Jesus words of warning, in today’s reading, do not seem to mean that we will avoid suffering, but rather than we will escape through it to the other side. They seem to indicate that our preparation is not so much to avoid what is coming, as to bear witness to God in the midst of it. Here the use of the analogy of the fig tree is instructive. It may only be an example of our need to read what is going on in the times and seasons about us in order to be ready for what is to come. Or, it may be that the fig tree is a symbol of something more, from Israel’s past.

The fig is used as an example 28 times in the Old Testament. As the tree is cut down, it is a symbol of exile and destruction. The living tree is also a symbol of anticipation, as one waits for the first sweet ripe fig in season. Finally it is a symbol of shalom and restoration, as the people will sit under their fig trees and eat figs in the Lord’s future restoration. I think in this case, Jesus intends for his disciples to hear all of the above. There will be exile and destruction. In history, this happened for the Jewish people within a generation of Jesus, as Jerusalem and the Temple are destroyed again. We know now that there will always be these things, that each generation will be confronted with them and asked to respond in faith. There is also hope and anticipation of something beyond the destruction. God will raise the fig again for us to tend and wait for the sweet taste of the new figs that God will give. This is but a foretaste of the feasting to come, when God will restore all of his people to a land of abundance. The fig tree, in the Old Testament, itself bears witness to death, and the greater power of new life in God.

So we too, are called upon to open our hearts to God’s Spirit, that we too might be witnesses in the midst of the trials and tragedies of life.


The opera soprano sang beautifully at my father’s funeral in August 2005. With a large choir behind her, she sang the words of the haunting old Spiritual, “I want to be ready....ready to put on my long white robes.” My father had been diagnosed with stage IV (terminal) colon cancer not 5 months earlier. Rather than subject his body to the violence of chemotherapy, which would have prolonged his life only a scant few months at best, but made them months of living hell, he chose to get ready to die.

He had time to say goodbye to all of his children and grandchildren, many other relatives and friends, former students and faculty colleagues. At times, in his last days, he seemed almost like a dying king, holding court from a throne of a bed. His faith, almost childlike, he often spoke to us of wanting to see Jesus. He was not sustained by the depth of his beloved “systematic theology” as important as it was, but rather by resurrection of Jesus, that was the heart and center of that theology.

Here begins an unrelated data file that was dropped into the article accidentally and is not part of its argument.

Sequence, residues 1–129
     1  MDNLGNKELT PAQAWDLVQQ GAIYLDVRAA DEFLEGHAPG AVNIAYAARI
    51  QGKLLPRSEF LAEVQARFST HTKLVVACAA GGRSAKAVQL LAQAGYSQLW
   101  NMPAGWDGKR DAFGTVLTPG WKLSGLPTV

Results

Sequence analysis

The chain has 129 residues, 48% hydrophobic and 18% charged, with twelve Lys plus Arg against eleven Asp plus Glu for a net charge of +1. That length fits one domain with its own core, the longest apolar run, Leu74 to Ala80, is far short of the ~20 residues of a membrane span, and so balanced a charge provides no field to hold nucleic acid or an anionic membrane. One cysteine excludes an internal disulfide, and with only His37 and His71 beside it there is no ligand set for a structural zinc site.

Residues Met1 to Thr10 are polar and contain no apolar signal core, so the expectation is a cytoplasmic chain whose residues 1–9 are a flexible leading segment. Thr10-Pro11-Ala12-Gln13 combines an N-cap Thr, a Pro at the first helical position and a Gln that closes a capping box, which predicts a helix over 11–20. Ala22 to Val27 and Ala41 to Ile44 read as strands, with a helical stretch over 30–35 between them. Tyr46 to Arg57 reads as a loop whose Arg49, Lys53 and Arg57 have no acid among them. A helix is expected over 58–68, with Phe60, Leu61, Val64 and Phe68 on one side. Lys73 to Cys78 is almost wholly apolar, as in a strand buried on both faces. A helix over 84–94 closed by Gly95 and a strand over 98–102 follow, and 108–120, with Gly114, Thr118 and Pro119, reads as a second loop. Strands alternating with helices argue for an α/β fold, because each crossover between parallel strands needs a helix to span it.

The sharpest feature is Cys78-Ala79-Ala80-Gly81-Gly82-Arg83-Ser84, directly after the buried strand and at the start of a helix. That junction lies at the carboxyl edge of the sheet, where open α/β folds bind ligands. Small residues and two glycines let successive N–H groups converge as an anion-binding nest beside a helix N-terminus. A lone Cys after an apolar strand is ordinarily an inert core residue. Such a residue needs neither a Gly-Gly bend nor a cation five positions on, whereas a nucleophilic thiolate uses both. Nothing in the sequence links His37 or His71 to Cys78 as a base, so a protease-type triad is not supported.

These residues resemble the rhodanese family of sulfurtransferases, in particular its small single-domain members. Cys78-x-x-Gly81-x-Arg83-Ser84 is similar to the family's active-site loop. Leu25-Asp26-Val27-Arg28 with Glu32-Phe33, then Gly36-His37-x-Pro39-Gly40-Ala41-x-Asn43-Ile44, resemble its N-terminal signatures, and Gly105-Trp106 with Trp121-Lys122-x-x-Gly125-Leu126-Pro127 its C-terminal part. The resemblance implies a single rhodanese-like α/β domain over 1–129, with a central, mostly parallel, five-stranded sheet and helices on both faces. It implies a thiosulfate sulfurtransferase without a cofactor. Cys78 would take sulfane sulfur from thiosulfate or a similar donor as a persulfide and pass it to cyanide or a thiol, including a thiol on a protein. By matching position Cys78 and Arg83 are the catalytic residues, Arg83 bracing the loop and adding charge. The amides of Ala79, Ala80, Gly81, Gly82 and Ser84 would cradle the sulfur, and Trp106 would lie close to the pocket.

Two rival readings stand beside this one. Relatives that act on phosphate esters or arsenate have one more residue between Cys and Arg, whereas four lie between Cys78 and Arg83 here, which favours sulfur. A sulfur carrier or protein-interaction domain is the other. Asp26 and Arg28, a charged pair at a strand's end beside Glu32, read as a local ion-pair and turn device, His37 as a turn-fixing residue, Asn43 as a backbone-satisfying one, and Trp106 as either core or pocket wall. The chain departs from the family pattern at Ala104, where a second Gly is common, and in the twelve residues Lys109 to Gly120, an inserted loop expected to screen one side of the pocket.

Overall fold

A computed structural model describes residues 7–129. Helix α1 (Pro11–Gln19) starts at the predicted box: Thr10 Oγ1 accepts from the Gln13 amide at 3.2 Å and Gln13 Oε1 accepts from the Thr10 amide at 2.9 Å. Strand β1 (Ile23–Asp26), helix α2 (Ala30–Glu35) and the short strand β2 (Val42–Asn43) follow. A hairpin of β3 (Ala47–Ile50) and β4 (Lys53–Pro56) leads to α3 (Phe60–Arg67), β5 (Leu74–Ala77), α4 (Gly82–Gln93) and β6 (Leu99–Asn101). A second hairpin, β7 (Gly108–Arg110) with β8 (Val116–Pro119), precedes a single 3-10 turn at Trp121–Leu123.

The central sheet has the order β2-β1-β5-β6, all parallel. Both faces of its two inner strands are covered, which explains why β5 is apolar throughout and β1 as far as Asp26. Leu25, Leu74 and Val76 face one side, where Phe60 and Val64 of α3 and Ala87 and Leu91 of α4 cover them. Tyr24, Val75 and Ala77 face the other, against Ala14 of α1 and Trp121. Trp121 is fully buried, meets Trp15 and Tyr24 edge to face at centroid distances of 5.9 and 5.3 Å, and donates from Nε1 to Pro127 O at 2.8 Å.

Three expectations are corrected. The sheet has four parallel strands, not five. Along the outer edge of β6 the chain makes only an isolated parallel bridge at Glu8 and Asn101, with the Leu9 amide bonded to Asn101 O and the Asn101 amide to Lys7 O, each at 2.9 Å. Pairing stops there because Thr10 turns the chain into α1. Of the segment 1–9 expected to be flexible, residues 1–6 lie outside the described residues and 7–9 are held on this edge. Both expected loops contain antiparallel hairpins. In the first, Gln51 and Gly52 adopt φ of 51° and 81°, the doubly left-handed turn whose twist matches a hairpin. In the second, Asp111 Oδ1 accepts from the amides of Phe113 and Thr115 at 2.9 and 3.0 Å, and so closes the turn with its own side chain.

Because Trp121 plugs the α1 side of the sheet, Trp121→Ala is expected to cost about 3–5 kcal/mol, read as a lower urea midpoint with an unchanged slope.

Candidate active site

My son Nathan and I were with my dad the week before he died, to give my mom and my brother’s family a break from care and to offer our support. Perhaps we were there to lessen our feelings of anticipatory loss. On the day that we said goodbye, the last day that my father spoke at length to anyone, I sat at the side of my father’s bed and sang to him, returning the gift of song that he had so often given me as a child. I sang Simeon’s song, “Lord, now you let your servant depart in Peace, your word has been fulfilled. My own eyes have seen your salvation, that you have prepared in the sight of every people. A light that reveals you to the nations, and the glory of your people Israel.” My father said, “its time, isn’t it?” I answered, “yes, it’s time.” Nathan and I hugged him, told him that we loved him and said goodbye. Then we flew home and waited.

The call came three days later that, surrounded by family and by prayer, my father had submitted to the power and mystery of death, in the faith of a greater power and mystery of God’s life in Jesus Christ. So when the Soprano sang at the funeral, we knew it was true. My father was ready. But here’s the twist. It wasn’t because he had prepared himself. That is the illusion that we sometimes perpetrate in Advent, that we get ourselves ready to meet Jesus as he comes. No, my father, like all of us, is prepared by God himself. We are prepared by the experience of God’s love and forgiveness. We are prepared by the little deaths that we encounter before our final death. We are prepared by Word and Bath and Meal for just this journey. We are prepared so that when we travel through the pain of loss and death, we might submit to it, but as a testimony that’s its power does not rule us, does not rule our hearts, does not rule our world. God gets us ready. We walk with him.

This Advent, let us see this time as a time when God lays bare our lives and encourages us to live each day, not as our last, but as a day of transition, of travel. From one life to the next. Our lives, and our deaths bear witness: to the seemingly ultimate power of death in this life, and to real ultimate power of God’s love for this life and the future. When we pray, “Come Lord Jesus” it is this future that we anticipate. It is this future that God has prepared us for.

Consider this hymn, one that my father sang to me during Advents long forgotten, but the memory wakes each time I sing it.

“O Lord, how shall I meet you, how welcome you aright?
Your people long to greet you, my hope, my heart’s delight!
Oh, kindle, Lord most holy, your lamp within my breast
To do in spirit lowly, all that may please you best.

Rejoice, then, you sad-hearted, who sit in deepest gloom,
Who mourn your joys departed and tremble at your doom.
Despair not; he is near you, there standing at the door,
Who best can help and cheer you and bids you weep no more.

He comes to judge the nations, a terror to his foes,
A light of consolations and blessed hope to those
Who love the Lord’s appearing. O glorious Sun, now come,
Send forth your beam so cheering and guide us safely home.”

(LBW 23, st. 1, 5, & 6)

Rev. Dr. Luke Bouman
Pastor, Tree of Life Lutheran Church
Conroe, Texas